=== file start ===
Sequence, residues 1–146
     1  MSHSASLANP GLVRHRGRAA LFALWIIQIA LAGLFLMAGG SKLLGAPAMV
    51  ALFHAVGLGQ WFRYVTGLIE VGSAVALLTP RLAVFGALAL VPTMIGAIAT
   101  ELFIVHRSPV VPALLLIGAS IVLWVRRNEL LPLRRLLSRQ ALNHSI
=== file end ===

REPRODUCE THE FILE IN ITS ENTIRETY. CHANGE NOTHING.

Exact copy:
Sequence, residues 1–146
     1  MSHSASLANP GLVRHRGRAA LFALWIIQIA LAGLFLMAGG SKLLGAPAMV
    51  ALFHAVGLGQ WFRYVTGLIE VGSAVALLTP RLAVFGALAL VPTMIGAIAT
   101  ELFIVHRSPV VPALLLIGAS IVLWVRRNEL LPLRRLLSRQ ALNHSI